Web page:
OV: Yes, exactly. We often think of wholeness only in the optical sense, right—what’s missing from the picture? But I think of wholeness as containing all the histories that lead to the visual moment of fracture, and the challenge is that this takes more work to envision such an ephemeral wholeness. It can be easy to put something that is broken back together, but it is incredibly difficult to expound and expand on all the violences that accumulated into that breaking. Queerness is, in many ways, vital to innovation because it operates as a space where permission is offered as change. That is a very rare and radical idea in American thinking and politics—people say, “Oh, you’re a flip-flopper,” but actually, this means that a person is thinking, corresponding, and changing—why would anyone want to stay in one place? And yet, we emphasize stability as progress, the unchanging form, and queerness rejects that and offers a wild, often chaotic yet expansive lesson in what is possible.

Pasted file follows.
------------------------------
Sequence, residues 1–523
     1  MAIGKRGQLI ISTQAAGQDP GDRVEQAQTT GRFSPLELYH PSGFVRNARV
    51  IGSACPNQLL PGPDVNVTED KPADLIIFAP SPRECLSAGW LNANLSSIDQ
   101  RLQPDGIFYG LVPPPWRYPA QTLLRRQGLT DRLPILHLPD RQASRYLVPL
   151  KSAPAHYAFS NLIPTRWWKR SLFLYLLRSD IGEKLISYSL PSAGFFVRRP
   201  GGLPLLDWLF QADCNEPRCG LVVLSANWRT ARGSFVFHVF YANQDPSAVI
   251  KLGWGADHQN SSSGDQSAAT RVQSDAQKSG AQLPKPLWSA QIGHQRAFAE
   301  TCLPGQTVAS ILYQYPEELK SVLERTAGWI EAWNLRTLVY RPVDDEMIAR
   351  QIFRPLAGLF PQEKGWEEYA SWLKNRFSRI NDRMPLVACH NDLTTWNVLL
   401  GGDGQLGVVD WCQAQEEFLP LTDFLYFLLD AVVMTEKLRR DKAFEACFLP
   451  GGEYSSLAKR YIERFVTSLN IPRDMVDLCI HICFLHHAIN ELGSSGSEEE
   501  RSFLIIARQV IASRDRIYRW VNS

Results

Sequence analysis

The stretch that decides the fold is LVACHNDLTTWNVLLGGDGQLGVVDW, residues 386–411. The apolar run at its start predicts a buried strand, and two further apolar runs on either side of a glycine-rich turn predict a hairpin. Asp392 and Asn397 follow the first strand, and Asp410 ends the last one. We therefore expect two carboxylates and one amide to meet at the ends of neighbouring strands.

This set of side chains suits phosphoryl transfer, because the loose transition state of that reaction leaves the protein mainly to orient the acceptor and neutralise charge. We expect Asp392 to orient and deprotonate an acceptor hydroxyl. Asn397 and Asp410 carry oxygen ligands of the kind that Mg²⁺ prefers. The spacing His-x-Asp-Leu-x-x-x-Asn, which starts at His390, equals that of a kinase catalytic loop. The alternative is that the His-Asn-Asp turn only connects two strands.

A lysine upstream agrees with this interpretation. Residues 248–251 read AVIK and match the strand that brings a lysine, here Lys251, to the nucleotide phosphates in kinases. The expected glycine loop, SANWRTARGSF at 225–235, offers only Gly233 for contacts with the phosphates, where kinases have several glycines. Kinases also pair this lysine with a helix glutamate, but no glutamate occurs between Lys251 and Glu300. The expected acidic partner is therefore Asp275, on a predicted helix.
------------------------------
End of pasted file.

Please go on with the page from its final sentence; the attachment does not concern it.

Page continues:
I think of Yoko Ono, a straight woman in sexuality, but to me, she is one of the queerest embodiments of art-making because she was always rejecting (and therefore always a threat to) the patriarchal standard placed upon her. Here is an Asian woman who was “supposed” to be obedient and subservient to her rock-star husband, John Lennon, and when that image was shattered, the white establishment portrayed her as the malignant Eastern succubus or witch that destroyed a global treasure called The Beatles. The performance with Chuck Berry and John Lennon, as I mentioned in the roundtable, where Yoko Ono is in the background with a tambourine and, seemingly out of nowhere, breaks out into this guttural wailing, literally disrupting the two male performers overshadowing her, is a queer moment of subversive reclamation. She is no longer the ornamental afterthought; she articulates her pain into that completely male space. Queerness is no longer a whisper but is both a declaration and a celebration at once.